This Easter may have been a particularly strange and muted one for Christians, with church doors closed and digital media providing a poor substitute in its place, but the significance of the event remains the same: the Son of God rises from the dead in glory, giving us a chance to live with Him eternally. 

During times of crisis and fear, when our own mortality is felt acutely, the importance of the message is clear to those who believe, and to those who want to believe: that our life on earth is not the end, and we have much to look forward to after death if we choose to live now for God.

Such talk is becoming alien in western countries, and its absence may partially account for the fear that is gripping the world as an unexpected virus spreads far and wide. If this material life is the only thing we have, then fear is to be expected as we cling on to what we can. Indeed, the reality of death that many families are dealing with is all the more difficult to manage if we consider our loved one’s life as being not changed, but over.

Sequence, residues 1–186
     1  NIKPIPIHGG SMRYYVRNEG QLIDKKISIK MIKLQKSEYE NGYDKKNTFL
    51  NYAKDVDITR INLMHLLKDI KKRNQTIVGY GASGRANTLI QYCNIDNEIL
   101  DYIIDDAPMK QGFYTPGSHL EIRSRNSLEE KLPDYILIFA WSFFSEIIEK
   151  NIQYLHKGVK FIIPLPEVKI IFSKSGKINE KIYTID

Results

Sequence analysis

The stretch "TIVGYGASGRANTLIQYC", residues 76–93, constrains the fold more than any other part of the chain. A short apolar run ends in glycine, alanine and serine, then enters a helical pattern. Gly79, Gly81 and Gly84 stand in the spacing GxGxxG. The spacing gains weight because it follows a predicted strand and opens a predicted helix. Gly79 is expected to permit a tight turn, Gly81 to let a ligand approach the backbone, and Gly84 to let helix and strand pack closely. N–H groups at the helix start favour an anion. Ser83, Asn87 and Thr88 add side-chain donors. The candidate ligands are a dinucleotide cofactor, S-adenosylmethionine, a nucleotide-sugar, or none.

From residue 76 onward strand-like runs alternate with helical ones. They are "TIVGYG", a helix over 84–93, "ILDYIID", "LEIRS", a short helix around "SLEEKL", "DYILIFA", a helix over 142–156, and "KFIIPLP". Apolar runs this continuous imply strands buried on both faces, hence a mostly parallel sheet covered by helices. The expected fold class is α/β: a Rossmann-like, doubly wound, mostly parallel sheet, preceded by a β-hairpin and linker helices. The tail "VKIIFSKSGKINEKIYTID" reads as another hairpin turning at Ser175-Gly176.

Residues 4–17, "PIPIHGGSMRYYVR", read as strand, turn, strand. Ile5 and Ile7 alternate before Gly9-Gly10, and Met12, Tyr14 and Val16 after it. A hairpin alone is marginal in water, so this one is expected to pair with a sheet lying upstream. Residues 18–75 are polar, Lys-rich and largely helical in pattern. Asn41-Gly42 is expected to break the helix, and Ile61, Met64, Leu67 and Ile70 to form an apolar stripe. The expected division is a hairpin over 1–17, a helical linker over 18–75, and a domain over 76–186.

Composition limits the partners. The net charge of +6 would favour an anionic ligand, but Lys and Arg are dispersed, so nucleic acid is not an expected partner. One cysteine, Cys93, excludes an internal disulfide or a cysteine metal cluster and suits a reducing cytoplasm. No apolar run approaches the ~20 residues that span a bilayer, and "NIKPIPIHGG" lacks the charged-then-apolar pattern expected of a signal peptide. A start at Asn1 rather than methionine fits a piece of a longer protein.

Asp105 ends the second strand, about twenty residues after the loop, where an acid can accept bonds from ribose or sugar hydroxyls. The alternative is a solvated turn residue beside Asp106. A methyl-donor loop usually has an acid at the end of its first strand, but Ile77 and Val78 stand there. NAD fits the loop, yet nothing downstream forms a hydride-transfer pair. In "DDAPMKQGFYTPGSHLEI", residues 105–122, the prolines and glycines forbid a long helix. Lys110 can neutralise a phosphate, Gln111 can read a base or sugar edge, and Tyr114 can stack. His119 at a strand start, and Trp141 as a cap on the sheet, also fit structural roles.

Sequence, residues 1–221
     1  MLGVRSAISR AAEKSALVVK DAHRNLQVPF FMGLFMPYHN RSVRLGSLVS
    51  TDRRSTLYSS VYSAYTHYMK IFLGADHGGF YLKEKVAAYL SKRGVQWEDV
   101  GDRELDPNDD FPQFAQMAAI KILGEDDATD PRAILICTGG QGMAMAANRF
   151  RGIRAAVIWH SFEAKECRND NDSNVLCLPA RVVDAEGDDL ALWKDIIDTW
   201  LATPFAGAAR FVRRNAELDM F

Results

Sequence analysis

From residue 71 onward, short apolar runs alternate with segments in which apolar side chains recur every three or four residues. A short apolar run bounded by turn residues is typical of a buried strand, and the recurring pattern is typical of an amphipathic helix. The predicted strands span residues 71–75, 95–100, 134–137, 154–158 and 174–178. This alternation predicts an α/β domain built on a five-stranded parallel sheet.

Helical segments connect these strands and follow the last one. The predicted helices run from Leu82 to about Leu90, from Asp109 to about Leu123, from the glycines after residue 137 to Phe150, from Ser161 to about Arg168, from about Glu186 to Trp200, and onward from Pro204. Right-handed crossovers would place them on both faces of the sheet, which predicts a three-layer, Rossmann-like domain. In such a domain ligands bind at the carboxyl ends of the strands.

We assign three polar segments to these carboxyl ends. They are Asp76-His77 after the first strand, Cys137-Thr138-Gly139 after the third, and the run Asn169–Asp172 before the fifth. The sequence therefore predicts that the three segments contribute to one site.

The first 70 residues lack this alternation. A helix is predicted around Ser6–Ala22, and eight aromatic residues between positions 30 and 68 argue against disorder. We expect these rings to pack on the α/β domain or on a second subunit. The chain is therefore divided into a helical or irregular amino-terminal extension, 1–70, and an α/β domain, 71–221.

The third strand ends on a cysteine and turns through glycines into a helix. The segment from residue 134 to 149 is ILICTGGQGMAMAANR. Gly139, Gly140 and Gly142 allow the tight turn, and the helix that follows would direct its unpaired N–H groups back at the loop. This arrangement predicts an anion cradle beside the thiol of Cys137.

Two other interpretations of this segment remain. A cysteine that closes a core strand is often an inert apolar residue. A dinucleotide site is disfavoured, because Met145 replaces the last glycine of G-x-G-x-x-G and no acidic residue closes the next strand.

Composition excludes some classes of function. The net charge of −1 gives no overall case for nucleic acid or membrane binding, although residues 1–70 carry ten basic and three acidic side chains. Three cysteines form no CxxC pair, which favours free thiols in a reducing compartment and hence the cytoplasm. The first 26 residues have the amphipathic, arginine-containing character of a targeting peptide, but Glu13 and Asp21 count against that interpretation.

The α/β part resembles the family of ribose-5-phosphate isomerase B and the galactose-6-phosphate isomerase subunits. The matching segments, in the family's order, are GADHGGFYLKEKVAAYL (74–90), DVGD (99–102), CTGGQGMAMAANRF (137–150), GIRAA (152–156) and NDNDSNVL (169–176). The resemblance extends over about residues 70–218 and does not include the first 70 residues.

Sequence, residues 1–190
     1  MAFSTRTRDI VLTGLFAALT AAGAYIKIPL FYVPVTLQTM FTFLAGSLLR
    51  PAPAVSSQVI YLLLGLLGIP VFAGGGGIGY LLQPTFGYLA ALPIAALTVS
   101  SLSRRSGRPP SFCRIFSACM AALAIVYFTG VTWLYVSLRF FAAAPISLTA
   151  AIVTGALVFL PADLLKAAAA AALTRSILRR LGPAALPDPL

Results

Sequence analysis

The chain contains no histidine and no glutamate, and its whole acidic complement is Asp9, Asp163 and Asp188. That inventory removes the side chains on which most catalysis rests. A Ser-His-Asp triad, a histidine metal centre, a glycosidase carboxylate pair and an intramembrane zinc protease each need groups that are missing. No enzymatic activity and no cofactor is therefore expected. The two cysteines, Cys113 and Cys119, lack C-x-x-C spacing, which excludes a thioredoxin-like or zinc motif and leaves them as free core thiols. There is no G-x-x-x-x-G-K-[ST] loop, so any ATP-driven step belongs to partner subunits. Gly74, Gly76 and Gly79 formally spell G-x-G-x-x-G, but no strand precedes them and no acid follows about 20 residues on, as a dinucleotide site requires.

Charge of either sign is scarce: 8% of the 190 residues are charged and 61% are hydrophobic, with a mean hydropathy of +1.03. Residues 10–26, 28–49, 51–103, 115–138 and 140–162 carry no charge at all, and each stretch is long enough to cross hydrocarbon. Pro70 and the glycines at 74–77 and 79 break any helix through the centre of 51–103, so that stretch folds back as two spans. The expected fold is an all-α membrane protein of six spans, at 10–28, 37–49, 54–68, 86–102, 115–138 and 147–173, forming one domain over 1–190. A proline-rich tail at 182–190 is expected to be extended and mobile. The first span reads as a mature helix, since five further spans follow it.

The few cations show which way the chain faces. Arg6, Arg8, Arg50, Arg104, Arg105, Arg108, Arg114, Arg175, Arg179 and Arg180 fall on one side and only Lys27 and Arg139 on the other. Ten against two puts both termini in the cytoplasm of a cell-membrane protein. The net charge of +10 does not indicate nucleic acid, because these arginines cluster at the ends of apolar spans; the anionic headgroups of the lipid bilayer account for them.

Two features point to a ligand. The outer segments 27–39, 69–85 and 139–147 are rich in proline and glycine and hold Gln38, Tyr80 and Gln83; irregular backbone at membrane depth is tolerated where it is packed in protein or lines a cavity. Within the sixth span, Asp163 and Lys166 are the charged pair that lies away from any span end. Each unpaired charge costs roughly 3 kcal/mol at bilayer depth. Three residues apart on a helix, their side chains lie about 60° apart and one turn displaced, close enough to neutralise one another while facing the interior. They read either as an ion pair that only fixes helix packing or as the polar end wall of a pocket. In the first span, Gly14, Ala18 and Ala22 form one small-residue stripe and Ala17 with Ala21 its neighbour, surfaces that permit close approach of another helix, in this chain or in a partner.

The situation is transformed when we consider Christ however. If he did not rise then all of our faith is in vain, as St. Paul reminded the people of Corinth, but if it is true that Christ is risen and alive, that He is God, then death is only the passage to eternity that all of us must pass through. Threats to our life, although they can cause anguish, are cast into a new light when we choose to follow Christ.

We are suddenly on the brink of meeting God, the Creator who rules in perfect justice and mercy. This will be either good news or bad news depending on how we choose to live, with Jesus stating that it would be better for Judas “had he not been born.”

It would be redundant to only highlight the comforting aspects of Christianity, and spurn the stark realities that Christ warned of. Whilst eternal life is on offer, it is also clear that God will give us what we have freely chosen in this life, that it is we who choose eternity with Him or eternity without Him by deciding to follow Him or not.

For believers, it is the highest honour to realise what Christ has done and offered to each of us. For others, the question of who Christ really is remains an uncertainty. But as we all taste a truer sense of our own mortality, the need for answers will inevitably grow in the hearts and minds of many.

So perhaps it is fitting that, at a time when death is being felt and reported on pervasively, one man from Galilee announces His offer of life.